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Yankees 2, Rays 1: Judge leads way as Yanks eke out heart-pounding win

It goes in the “W” column, but oh boy, was it an adventure.

New York Yankees v Tampa Bay Rays Photo by Julio Aguilar/Getty Images

The Yankees were in desperate need of a win. With the AL East lead down to four games, a loss would mean the Yankees beginning the week just a series’ worth of games ahead, after having been up by a lot at various points of the season.

In the end, New York got the victory it needed. It wasn’t the prettiest, and you certainly can’t say that the Yankees figured things out in it, but it’s a win nonetheless.

Aaron Judge’s leadoff home run allowed the Yankees to lead wire-to-wire as they pulled out a 2-1 triumph over the Rays. There were still plenty of frustrations of the offensive side of things, as they went 0-for-8 with runners in scoring position and stranded 11 on base. The ninth inning probably took years off our lives, with the Rays just a hit away from a walk-off win. However, it goes in the win column, and that’s what was needed more than anything.

Desperate for some sort of offensive spark, the Yankees got off to the perfect start courtesy of — who else — Aaron Judge. In the leadoff spot, Judge took the second pitch of the game 450 feet to left, giving the Yankees the very early lead.

Montas ended up going five innings in his best start as a Yankee to date. He allowed just one hit and no walks with seven strikeouts in his five frames. In terms of innings and performance, it was maybe a bit of a hasty move, but he had thrown a lot of pitches, thanks in part to some long at-bats and a couple innings extended by an Isiah Kiner-Falefa error and a Kyle Higashioka catcher’s interference. He was nearly at 100 pitches and would’ve started the third time through the order had he come back out for the sixth. That’s likely why the Yankees went to the bullpen and brought in Lou Trivino for the sixth. Trivino allowed a single to Yandy Díaz to start the inning, but worked around it to get that third out.

It should also be noted that catcher’s interference also played a role in manager Aaron Boone getting ejected. A couple innings prior, a misunderstanding seemed to lead to the Yankees using their replay review on a DJ LeMahieu foul out that Rays catcher Christian Bethancourt caught right near the screen behind home plate. After his requests to look at the catcher’s interference — which probably wouldn’t have been overturned — were denied, Boone was eventually tossed for arguing with home-plate umpire Vic Carapazza.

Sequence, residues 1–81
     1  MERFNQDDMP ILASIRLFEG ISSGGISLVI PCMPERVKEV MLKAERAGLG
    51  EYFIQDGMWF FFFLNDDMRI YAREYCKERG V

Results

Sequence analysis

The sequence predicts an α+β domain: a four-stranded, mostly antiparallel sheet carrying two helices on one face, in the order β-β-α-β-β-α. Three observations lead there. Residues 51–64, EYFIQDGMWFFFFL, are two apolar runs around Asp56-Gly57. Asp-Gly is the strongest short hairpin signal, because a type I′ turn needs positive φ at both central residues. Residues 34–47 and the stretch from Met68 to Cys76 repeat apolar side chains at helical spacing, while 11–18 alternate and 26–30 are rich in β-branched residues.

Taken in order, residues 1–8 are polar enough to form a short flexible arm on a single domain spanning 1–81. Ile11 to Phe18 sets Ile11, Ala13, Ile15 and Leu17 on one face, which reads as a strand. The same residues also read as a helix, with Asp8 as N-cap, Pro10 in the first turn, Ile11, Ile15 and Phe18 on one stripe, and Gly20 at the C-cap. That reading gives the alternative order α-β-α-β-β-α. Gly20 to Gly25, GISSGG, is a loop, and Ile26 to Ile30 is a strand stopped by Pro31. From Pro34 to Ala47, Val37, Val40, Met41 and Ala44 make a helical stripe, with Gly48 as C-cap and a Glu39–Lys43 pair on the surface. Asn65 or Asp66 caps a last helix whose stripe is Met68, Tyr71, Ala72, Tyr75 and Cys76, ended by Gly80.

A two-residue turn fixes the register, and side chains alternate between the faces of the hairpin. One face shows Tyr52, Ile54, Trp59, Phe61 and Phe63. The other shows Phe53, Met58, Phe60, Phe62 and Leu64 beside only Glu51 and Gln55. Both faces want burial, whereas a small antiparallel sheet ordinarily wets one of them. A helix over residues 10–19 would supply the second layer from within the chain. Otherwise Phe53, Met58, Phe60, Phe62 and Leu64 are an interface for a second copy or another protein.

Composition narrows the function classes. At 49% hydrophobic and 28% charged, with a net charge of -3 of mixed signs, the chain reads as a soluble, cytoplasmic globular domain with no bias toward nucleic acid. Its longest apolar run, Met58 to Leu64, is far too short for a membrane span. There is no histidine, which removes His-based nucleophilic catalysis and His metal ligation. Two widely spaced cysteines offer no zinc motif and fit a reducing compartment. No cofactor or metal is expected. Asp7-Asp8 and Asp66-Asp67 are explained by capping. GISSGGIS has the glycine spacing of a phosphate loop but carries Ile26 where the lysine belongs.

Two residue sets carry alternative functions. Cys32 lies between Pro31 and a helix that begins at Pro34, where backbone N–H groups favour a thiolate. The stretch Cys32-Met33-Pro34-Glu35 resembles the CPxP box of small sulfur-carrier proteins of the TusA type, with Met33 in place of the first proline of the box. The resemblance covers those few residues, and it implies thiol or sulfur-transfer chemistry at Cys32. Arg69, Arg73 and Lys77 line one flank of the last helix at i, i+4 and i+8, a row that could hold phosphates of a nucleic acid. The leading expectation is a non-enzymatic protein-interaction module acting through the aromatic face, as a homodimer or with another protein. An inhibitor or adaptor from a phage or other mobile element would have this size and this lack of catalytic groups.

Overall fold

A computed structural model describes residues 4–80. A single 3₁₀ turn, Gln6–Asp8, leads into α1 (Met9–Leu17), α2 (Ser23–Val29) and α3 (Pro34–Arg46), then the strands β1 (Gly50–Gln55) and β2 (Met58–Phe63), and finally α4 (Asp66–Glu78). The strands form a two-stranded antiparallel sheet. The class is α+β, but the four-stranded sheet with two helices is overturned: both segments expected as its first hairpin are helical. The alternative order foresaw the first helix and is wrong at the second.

After a couple missed chances, the Yankees finally added to their lead in the seventh. Following a Judge leadoff double, he narrowly managed to evade a tag and advance to third on a LeMahieu grounder. Oswaldo Cabrera then hit a fly ball that was deep enough for Judge to tag up and score without much trouble.

Ron Marinaccio entered for the seventh and quickly got into some trouble, allowing a double to David Peralta and walking Isaac Paredes. He would get the first out on a fly ball that kept the runners in place, but the Yankees would then go back to the bullpen and bring in Jonathan Loáisiga. While he struck out the first batter he faced, Loáisiga then issued a walk to load the bases. With the lineup flipping around back to the top, the 2021 relief ace managed to escape the jam, getting Díaz to ground out. Loáisiga would come back out for the eighth, but was much cleaner in that frame, quickly throwing a 1-2-3 inning.

The Yankees couldn’t add any further insurance in the top of the ninth, and then turned it over to Clay Holmes for the bottom of the inning. Things started off poorly when Peralta doubled to lead off the inning. After a fly out moved him to third, Francisco Mejía singled to get the Rays within a run. Although Holmes then got another fly out, Jonathan Aranda doubled to put the both the tying and winning run in scoring position. Díaz came up next and worked the count full. On the sixth pitch of the at-bat, Carapazza rang up Díaz for a strikeout on what was an arguably generous strike call, ending the game.

After the win, the division lead is still just five games. Nothing about the win was particularly reassuring, but at this point, the Yankees will take what they can get (even on a day in which they learned that Andrew Benintendi was lost to a broken hamate bone). They return home to Yankee Stadium to begin a four-game series with the Twins tomorrow afternoon on Labor Day, with Jameson Taillon set to face Chris Archer at 1:05pm ET.

Box Score